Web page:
The meeting, held primarily at the very comfortable San Francisco LGBT Center, featured it’s usual mix of organizational work, informative talks by prominent researchers and experts, and a generous amount of warm interaction among the participants.
Friday’s sessions focused on how best to strengthen the LifeRing organization as a whole, with particular attention on the board of directors and its ongoing efforts to both grow and strengthen LifeRing’s work in reaching out to make our system of support available to all. In one session, the directors met with an experienced non-profit consultant to explore how best to move forward. In another, the board members and others met with three Ph.D. researchers to discuss possibilities for research. That session included a fascinating interaction by the researchers about their different approaches to addiction studies.
Saturday saw the “main event” of the Annual Meeting with presentations by very prominent experts about their research and their approaches to addiction treatment. There were also “break out” sessions to discuss how LifeRing can best use technology in its work, and on how to improve our fund raising efforts. The featured speaker for the day, Martin Nicolaus, the founding leader of LifeRing who developed the organization and articulated its approach in his writings, gave a talk on “Towards a Medical Model of Addiction, or: Is It Time to Occupy Recovery?” The talk was very well received by the enthusiastic audience. It was filmed, and if the video turns out well, we’ll post it on this website. The presentation was somewhat different, but much of the information was contained in a previous talk by Nicolaus, this one last fall in Victoria, Canada. That one is currently on our website at http://lifering.org/7086-2/.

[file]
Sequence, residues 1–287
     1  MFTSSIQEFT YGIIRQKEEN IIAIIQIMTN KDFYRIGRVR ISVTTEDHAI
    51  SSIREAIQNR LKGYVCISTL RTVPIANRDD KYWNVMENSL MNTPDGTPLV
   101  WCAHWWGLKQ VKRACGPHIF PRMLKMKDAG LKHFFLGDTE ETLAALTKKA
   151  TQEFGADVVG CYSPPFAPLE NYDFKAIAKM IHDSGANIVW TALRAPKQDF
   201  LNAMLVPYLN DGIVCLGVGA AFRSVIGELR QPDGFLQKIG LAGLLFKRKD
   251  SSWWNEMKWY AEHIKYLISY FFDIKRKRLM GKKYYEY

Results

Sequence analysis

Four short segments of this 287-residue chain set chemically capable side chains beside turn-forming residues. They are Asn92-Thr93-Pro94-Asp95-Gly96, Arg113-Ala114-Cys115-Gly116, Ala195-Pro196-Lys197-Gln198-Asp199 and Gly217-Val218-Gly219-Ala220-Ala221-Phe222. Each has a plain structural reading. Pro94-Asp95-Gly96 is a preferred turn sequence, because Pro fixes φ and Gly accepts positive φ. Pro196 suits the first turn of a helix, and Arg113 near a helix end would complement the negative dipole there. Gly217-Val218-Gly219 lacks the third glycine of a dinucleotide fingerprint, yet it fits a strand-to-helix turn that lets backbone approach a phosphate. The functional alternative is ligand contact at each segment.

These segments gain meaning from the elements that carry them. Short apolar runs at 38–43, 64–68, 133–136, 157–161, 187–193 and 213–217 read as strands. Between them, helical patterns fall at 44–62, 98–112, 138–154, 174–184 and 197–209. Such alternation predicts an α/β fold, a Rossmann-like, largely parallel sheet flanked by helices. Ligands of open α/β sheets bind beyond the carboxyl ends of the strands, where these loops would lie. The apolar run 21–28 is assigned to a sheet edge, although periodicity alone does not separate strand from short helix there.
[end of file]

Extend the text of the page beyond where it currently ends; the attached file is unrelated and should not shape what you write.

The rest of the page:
On Sunday, the meeting moved to the nearby Alano Club. That meeting — the LifeRing Congress — was for discussion and action on organizational matters, primarily amendments to the Bylaws and elections for Board members. One Bylaw amendment was adopted unanimously, allowing the Board to hire (if we ever have enough money!) a professional to act as Executive Director under the direction of the board. This idea had surfaced before but been voted down. This year, however, the effort to move us towards a more organizaed and efficient entity has made it increasingly clear that professional skills would be a major asset. There’s no money for paying such a person at this time, but the board now has the option to move in that direction when finances allow.
The Congress also voted to move towards a system of allowing official delegates to vote on bylaw changes without being present at the Congress, which would be a significant change from current practice. A resolution was passed unanimously calling for the study of such a change with an eye towards adopting it as the first order of business next year and having it take immediate effect so that it could be used for any other votes that take place at next year’s meeting. The board will appoint a committee to work out the details of the idea.
There was also consideration given to a few other proposals made by members before the Congress. These included the possibility of expanding the Board and compensating other officers and Board members, as well as allowing those not in recovery to serve as Board members or officers. These ideas were discussed but rejected at this time.Elections for members of the LifeRing Board of Directors saw little controversy: incumbents — Craig Whalley, Dru Boyd, and Carola Ziermann — were re-elected to three seats and the fourth, vacated by the early retirement of Lauretta Magill, will be occupied by Troy Spears, the only candidate. Troy is from Modesto, CA, where he has begun several LifeRing meetings. A brief bio of him and the other board members will be posted soon.
This brief summary doesn’t do full justice to the weekend’s events, but perhaps it gives at least a hint of what the experience was like.